Crackdown driving law comes back into effect today and automatically means mandatory court appearance and ‘hefty’ fine

Police have warned they will crack down on drivers caught speeding in school zones.

Officials in Sarasota, Fla., said offenders face hefty fines and risk a court appearance.

Police officers in Sarasota, Fla., have warned drivers who speed in school zones will be fined


Police officers in Sarasota, Fla., have warned drivers who speed in school zones will be finedPhoto credit: Getty

The action is consistent with children in the city, which is 60 miles from Tampa, returning to school today, August 10.

According to the Sarasota Police Department, motorists caught exceeding the speed limit by at least 50 km/h must appear in court.

In addition, they will be fined in the amount determined later.

Drivers caught exceeding the speed limit between 6 and 9 mph face a $156 fine.

Motorists warned of new raids that would result in a $10,000 fine and a year-long ban
New crackdown law automatically puts motorists at risk of jail time and a $500 fine

According to police, the fine is $406 for drivers who exceed the 15 to 19 mph speed limit.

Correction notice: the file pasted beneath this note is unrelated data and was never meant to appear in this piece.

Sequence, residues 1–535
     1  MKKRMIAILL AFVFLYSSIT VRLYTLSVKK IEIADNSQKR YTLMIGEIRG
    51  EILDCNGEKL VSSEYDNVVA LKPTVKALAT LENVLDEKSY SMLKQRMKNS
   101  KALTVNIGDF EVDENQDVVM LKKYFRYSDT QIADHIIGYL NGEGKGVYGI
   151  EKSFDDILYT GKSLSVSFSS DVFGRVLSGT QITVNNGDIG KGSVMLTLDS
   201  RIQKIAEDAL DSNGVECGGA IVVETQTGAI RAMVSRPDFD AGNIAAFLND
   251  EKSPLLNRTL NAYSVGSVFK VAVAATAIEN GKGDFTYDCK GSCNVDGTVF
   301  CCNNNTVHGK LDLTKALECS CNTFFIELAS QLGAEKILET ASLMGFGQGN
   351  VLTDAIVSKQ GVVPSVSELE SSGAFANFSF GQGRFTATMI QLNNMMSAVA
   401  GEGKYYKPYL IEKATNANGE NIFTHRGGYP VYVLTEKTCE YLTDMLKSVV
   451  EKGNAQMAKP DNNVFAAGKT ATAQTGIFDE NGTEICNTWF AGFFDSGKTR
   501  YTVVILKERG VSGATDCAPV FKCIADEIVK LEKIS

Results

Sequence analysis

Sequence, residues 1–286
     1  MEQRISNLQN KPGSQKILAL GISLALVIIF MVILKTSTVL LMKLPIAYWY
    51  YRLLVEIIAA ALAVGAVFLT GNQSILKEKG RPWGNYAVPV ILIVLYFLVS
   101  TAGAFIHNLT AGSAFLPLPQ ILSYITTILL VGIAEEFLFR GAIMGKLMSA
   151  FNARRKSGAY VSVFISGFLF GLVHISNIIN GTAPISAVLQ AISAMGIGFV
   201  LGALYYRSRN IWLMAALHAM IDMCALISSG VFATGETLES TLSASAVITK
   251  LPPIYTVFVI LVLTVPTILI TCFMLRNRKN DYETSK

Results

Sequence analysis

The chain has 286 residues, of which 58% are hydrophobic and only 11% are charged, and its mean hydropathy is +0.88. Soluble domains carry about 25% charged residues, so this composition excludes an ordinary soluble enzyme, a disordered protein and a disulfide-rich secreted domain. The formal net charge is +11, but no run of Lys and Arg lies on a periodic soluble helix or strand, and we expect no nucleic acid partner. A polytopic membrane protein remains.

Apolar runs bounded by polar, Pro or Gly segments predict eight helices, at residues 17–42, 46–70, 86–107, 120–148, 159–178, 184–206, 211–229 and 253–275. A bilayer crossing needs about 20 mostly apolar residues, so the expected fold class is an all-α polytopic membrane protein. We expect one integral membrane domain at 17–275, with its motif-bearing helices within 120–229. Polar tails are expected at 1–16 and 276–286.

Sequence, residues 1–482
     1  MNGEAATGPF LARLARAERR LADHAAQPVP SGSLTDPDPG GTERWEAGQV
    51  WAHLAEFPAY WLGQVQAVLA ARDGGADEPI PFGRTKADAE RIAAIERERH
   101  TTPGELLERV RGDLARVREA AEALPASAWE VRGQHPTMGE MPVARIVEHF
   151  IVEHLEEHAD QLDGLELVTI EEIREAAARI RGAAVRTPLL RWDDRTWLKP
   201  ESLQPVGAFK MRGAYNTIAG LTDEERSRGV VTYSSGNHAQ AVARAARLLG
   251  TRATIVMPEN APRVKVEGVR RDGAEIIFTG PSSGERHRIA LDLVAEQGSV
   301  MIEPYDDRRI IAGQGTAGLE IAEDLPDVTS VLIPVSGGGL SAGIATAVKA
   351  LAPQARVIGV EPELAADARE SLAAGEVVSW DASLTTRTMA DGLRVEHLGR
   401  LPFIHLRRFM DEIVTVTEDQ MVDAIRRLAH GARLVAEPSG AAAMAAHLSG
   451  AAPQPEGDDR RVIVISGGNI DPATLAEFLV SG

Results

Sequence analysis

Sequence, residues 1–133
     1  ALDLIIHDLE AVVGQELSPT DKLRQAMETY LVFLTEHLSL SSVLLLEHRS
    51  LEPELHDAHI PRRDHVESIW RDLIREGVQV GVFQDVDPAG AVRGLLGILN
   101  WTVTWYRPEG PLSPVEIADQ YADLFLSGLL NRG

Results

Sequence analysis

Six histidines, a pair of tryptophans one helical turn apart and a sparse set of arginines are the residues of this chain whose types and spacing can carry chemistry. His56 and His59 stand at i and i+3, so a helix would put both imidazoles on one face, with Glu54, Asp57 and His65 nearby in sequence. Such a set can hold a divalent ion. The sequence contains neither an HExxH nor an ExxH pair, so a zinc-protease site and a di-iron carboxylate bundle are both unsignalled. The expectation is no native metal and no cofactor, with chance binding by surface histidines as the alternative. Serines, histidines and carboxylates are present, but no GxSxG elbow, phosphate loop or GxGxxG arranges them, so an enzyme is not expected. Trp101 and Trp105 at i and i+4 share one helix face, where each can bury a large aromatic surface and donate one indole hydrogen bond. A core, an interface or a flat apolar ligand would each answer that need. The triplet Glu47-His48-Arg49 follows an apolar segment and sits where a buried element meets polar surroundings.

Motorists who exceed the speed limit by 20 to 29 miles per hour face a $456 fine.

Police have warned motorists to drive slowly through school zones.

Transportation companies in Florida also crack down on undocumented drivers who hold out-of-state driver’s licenses.

driver-only licenses issued by the state of Connecticut, and Drive Delaware-only privileged licenses were banned.

According to attorney Aron J. Gibson, drivers caught could be fined and even jailed.

He told NBC affiliate WTVJ, “You can be arrested or just given a court date, which still counts as an on-the-spot arrest.” But they let you go and they give you a court date.

“And now you’re dealing with a traffic offense in criminal court.”

Meanwhile, Texas drivers have been warned that it is a violation of state transportation rules to drive through a driveway without stopping the vehicle.

Using parking spaces to avoid a red light, a stop sign or a traffic jam is often referred to as “rat racing,” according to legal experts at AllLaw.

Motorists caught crossing a parking lot face a minimum $25 fine.

A repeat offense could result in a fine of between $100 and $200, according to the Fort Worth Star-Telegram.


TaraSubramaniam is a Dailynationtoday U.S. News Reporter based in London. His focus is on U.S. politics and the environment. He has covered climate change extensively, as well as healthcare and crime. TaraSubramaniam joined Dailynationtoday in 2023 from the Daily Express and previously worked for Chemist and Druggist and the Jewish Chronicle. He is a graduate of Cambridge University. Languages: English. You can get in touch with me by emailing:

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